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home : columns : dear harriette January 17, 2019

1/8/2019 7:25:00 AM
Friend feels alone, even with people around him

DEAR HARRIETTE: I spoke to an old friend, who told me that one of his closest friends just died. He said that in the past year, he has lost most of his oldest friends and worries that he will be alone soon. He has a wife and a grown child, plus I am his friend, and he has other friends, too. But I understand what he means. Sometimes you can feel totally alone, even if you have people around. Feeling a sense of mortality when you start losing your friends is natural, I guess.

How can I let my friend know that I am there for him? Now that he is so sad, I want to make sure that he feels comforted by those of us who are still alive. What can I do or say? -- Helping a Friend, San Francisco

DEAR HELPING A FRIEND: Stay in close touch with your friend. Tell him directly how much you love him and care about him. Tell him you share his sadness at the loss of his good friend. Assure him that he is not alone -- you are present, along with other close friends. Over the next few weeks and months, call him regularly and invite him to meet for coffee or drinks. Text him to check on him. As time goes by, check in with him. By establishing a new rhythm with your friend, you can help him to feel better and strengthen your bond.

I did this with one of my dear friends when her husband died. We went from speaking intermittently to speaking on the phone almost every weekday morning until she died several years later. She was sad, and I think our communications helped ease her pain.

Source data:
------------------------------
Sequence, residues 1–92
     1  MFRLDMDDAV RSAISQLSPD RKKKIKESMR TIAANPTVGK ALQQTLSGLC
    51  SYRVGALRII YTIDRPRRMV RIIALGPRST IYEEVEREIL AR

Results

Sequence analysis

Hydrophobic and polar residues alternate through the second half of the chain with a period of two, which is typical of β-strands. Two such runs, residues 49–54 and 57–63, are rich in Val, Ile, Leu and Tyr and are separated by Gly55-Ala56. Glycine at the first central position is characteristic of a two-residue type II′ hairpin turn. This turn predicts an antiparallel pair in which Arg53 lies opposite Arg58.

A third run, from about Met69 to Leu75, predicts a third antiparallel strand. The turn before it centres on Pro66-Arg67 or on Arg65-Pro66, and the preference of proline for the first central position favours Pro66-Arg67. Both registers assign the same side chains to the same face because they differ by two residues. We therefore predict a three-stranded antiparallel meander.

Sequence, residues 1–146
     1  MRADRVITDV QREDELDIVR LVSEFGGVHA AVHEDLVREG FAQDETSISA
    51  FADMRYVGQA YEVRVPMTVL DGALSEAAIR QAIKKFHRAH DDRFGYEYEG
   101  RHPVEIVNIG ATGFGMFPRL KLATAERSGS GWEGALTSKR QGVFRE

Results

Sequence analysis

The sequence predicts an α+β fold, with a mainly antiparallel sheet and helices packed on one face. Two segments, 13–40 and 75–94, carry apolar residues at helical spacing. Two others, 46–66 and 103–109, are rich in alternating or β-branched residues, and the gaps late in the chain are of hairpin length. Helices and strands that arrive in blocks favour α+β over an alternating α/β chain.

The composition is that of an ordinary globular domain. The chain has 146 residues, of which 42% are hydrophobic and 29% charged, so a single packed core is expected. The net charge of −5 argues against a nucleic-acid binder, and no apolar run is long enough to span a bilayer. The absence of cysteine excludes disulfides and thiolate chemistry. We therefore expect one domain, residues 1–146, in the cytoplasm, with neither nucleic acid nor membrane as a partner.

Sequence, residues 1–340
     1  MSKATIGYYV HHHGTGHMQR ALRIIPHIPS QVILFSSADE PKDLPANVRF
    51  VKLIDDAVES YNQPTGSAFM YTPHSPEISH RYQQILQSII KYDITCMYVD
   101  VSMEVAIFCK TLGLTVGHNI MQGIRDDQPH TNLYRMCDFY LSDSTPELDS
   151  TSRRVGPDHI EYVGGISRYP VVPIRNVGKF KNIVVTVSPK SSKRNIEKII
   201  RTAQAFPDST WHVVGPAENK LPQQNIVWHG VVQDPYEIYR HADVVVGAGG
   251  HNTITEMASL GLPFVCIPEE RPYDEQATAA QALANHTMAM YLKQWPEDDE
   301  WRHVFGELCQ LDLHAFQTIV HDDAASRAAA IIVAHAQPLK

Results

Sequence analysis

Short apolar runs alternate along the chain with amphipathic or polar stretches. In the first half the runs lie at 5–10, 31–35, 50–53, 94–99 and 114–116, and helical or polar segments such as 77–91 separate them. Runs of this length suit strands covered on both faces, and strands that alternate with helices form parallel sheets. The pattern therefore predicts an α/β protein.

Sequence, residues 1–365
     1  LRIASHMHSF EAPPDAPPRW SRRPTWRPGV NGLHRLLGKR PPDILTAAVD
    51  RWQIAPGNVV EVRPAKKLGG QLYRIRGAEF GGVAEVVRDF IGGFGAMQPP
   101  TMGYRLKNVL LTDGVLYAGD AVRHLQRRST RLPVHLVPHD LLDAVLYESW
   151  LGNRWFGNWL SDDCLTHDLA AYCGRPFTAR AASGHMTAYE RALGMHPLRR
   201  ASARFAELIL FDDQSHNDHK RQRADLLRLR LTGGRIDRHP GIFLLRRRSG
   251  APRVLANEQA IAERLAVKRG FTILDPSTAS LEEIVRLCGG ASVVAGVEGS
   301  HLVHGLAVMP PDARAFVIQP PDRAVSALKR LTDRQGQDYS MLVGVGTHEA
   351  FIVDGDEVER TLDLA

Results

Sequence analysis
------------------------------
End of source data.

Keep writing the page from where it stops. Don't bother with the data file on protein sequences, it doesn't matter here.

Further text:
DEAR HARRIETTE: I'm 40, and I've been in an on-and-off relationship for four years with a guy who's 30. Our last breakup was the longest, at four months; we bumped into each other a couple of months later on a night out and ended up hooking up and started seeing each other again.

Our breakups were always because of him. One minute everything is great -- we never argue, have lots of quality time together -- and the next minute, he is gone, saying, "Things aren't working out." A month or two later, he will be back, wanting to mend fences. He tells me he loves me, enjoys spending time with me and doesn't want to lose me, but he is frightened. He has suggested that we start a "casual relationship" with no expectations, as he doesn't know what he wants, but he insists that we would be exclusive. What should I do? -- Ms. Exclusive, Poughkeepsie, New York

DEAR MS. EXCLUSIVE: Your guy is not interested in a long-term relationship. Since that's what you want, you need to move on. He has strung you along for too long already. Don't get caught up in the excitement and drama of the moments when you are in his company. Think long-term: What do you want? If a little romance and a booty call are enough, then stay with him. If you want more, find another guy.

Harriette Cole is a lifestylist and founder of DREAMLEAPERS, an initiative to help people access and activate their dreams. You can send questions to askharriette@harriettecole.com or c/o Andrews McMeel Syndication, 1130 Walnut St., Kansas City, MO 64106.





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